The Cambodian government has hailed the release of Myanmar democracy icon Aung San Suu Kyi after years of house arrest, describing it as an important step on the road towards democracy for the troubled country.
“The government of Cambodia welcomes the release of Aung San Suu Kyi in Myanmar,” said Koy Kuong, spokesman for the Ministry of Foreign Affairs.
Suu Kyi’s landmark release was a sign the military government is implementing its seven-step “roadmap to democracy”, he said, the fifth of which came into force with controversial elections on November 7.
“The government of Myanmar have implemented their roadmap. They have now taken [the fifth] step towards democracy and the development of the country,” Koy Kuong said.
The 65-year-old dissident and Nobel laureate walked free Saturday after seven years of house arrest in Yangon, calling on a sea of jubilant supporters to unite in the face of repression by the country’s military rulers.
Yesterday, she addressed thousands more at the headquarters of her party, the National League for Democracy, reaffirming her commitment to human rights and pledging to “work with all democratic forces” in the country.
“Please keep your energy for us. If we work together we will reach our goal,” she said.
Other local reactions have been mixed, with some observers hailing Suu Kyi’s release as a step forward for human rights in the region and others warning against giving the regime too much credit for what has been widely criticised as a public-relations ploy.
“We applaud the release of Suu Kyi and think that it not only reflects well on Myanmar, but reflects well on all ASEAN countries,” said Yong Kim Eng, president of the People’s Center for Development and Peace.
Koul Panha, executive director of local election monitor Comfrel, said Suu Kyi’s liberation could set a precedent for the negotiated return of Cambodian opposition leader Sam Rainsy, currently living in self-exile abroad.
Sam Rainsy has been sentenced to a total of 12 years’ prison on a series of charges stemming from his campaign to expose alleged Vietnamese border encroachments.
“More problems will probably still happen with Suu Kyi, but her release shows that the ruling political party in Myanmar has expressed its political will to have a fair competition with the opposition leader,” he said.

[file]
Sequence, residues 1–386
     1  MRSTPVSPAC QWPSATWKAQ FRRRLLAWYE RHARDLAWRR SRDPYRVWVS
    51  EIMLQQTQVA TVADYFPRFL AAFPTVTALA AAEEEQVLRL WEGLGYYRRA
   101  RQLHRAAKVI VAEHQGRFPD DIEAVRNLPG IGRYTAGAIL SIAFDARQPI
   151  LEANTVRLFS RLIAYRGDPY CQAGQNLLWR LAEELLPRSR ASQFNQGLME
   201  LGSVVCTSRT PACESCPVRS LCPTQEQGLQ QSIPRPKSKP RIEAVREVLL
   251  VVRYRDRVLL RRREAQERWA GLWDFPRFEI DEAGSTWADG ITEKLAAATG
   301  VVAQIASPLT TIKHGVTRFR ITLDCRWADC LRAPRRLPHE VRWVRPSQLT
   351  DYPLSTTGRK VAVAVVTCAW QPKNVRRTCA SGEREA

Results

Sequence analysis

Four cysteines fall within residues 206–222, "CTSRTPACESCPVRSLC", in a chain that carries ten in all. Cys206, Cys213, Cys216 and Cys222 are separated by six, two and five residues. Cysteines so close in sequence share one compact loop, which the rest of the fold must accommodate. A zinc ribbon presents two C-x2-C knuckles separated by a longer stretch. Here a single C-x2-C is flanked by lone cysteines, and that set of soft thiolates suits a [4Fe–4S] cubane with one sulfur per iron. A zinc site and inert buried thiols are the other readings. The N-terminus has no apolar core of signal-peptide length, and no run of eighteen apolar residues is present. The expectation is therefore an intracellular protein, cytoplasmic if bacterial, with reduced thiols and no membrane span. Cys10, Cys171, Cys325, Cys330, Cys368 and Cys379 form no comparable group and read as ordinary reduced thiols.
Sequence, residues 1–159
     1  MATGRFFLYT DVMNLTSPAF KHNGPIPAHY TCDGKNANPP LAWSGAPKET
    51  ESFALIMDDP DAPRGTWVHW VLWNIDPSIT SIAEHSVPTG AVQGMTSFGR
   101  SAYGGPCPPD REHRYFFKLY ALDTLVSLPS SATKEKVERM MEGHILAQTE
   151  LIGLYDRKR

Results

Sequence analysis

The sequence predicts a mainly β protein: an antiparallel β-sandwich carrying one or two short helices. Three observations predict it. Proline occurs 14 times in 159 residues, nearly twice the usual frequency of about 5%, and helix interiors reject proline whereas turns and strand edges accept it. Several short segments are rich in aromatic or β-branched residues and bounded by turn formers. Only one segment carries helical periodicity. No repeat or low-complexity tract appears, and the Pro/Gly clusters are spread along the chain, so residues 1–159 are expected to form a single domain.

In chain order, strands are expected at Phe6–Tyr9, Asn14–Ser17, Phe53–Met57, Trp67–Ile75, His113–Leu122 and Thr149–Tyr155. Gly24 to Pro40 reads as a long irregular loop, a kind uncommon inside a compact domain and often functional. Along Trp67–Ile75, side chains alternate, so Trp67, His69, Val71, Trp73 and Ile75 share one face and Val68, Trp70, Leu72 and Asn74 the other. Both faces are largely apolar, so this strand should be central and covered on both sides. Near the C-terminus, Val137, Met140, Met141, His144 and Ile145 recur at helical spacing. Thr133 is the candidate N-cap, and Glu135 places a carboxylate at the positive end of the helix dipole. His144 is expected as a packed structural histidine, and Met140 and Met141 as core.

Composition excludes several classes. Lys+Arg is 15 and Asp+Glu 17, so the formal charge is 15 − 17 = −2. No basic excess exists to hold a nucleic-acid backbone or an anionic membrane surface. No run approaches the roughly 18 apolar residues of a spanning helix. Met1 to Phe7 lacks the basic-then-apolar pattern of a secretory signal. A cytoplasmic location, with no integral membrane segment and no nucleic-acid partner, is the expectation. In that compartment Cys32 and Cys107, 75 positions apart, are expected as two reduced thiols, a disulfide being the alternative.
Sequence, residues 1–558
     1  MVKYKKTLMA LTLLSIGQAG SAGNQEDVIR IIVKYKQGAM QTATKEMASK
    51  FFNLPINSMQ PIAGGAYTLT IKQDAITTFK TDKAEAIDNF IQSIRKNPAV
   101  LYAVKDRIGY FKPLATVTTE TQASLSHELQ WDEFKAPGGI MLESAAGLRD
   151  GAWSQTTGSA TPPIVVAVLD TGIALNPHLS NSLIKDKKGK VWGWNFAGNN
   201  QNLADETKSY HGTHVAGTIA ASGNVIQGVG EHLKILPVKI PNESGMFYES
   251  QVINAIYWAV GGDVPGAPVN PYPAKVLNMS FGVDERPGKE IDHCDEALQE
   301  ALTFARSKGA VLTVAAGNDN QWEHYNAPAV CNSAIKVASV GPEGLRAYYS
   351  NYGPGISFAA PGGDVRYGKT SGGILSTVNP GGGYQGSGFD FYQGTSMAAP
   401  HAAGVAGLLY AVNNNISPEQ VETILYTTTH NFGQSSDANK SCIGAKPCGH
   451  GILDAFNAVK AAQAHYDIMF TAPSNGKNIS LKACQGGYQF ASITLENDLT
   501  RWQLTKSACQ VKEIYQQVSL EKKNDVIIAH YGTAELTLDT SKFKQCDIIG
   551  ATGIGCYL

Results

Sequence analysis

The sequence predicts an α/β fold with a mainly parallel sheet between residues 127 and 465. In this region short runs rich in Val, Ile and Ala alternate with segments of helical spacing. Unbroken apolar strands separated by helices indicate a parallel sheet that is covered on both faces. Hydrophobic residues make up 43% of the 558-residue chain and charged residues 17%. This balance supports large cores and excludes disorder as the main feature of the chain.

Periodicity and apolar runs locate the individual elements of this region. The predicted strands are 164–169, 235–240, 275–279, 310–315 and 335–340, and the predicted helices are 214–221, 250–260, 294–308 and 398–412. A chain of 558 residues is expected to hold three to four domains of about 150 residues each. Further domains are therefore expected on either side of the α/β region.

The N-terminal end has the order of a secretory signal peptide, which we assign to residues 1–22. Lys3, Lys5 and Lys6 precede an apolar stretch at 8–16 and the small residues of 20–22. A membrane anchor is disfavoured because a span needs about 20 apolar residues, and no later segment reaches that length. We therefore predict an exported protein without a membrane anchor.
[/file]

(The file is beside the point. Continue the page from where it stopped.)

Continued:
“I hope that Cambodian politicians will learn from Myanmar and pave the way for the opposition leader Sam Rainsy to return.”
But Pung Chhiv Kek, president of local rights group Licadho, warned against Myanmar – “probably the worst” country in the region in terms of democracy and political freedoms – being seen as an example to the rest of ASEAN.
“It is deeply disturbing that questions may arise on the possible example set by this country for other ASEAN nations, including Cambodia,” she said yesterday, pointing to the fact that 2,200-odd political prisoners still remain behind bars in Myanmar.
“I strongly hope that what happened in Myanmar does not and will not happen in Cambodia.”
Speaking by phone yesterday from Paris, Sam Rainsy welcomed the release of Suu Kyi, but downplayed the comparison between his situation and that of the persecuted NLD leader.
“I admire Aung San Suu Kyi – I’m very happy to see her being released. I’m sure this is a step to push for more freedom towards real democracy in Burma,” he said, using the country’s former name.
The Sam Rainsy Party president agreed with local observers that the release could also set an example for Cambodia in respecting the rights of political opposition figures.
“There is a trend in the world and in Southeast Asia towards more democracy and Cambodia is too small and weak a country to go against this trend,” he said.
Koy Kuong also rejected a comparison between the two leaders, saying Suu Kyi was released after serving her sentence, while Sam Rainsy was yet to serve his own prison term.
“Everything is according to the law,” he said.
A long time coming
Meanwhile, members of the Myanmar community in Phnom Penh rejoiced at the developments inside their country, amid uncertainty as to the junta’s motivation for releasing Suu Kyi.
Local resident Soe Thi Ha, 25, said he was “very happy” that she had been set free after spending 15 of the last 21 years under house arrest.
“She is the only one who can unite the different types of people [in Myanmar]. We have lost literally one generation and the next generation – my generation – needs very good leadership in our journey towards real democracy,” he said.
“I can see signs of an exciting change in mood now that she’s been released.”
But Soe Thi Ha said he feared for Suu Kyi’s safety, recalling the so-called Depayin Massacre, in which junta-sponsored thugs attacked the leader’s convoy in May 2003, killing around 70 NLD supporters.
Suu Kyi’s current term of house arrest began in May last year, following a strange incident in which an American man swam to her lakeside residence in Yangon.
In August, a court at the city’s notorious Insein Prison found Suu Kyi guilty of breaching the terms of her house arrest and sentenced her to three years’ jail and hard labour, a punishment that junta supremo Than Shwe commuted to 18 months’ house arrest.
Cambodian government officials said at the time that Than Shwe’s reduction of the sentence was a sign the military government was “on the way to democratisation”.
Cambodia joined a long list of Western and Asian countries that welcomed Suu Kyi’s release yesterday.
International rights groups, however, have been sceptical of the release, describing it as a means of deflecting attention from last week’s election, widely criticised as a sham to entrench military rule under a veneer of civilian government.
Human Rights Watch described the release as a “cynical ploy by the military government to distract the international community from its illegitimate election”, and called for the country’s remaining political prisoners to be freed. ADDITIONAL REPORTING BY AFP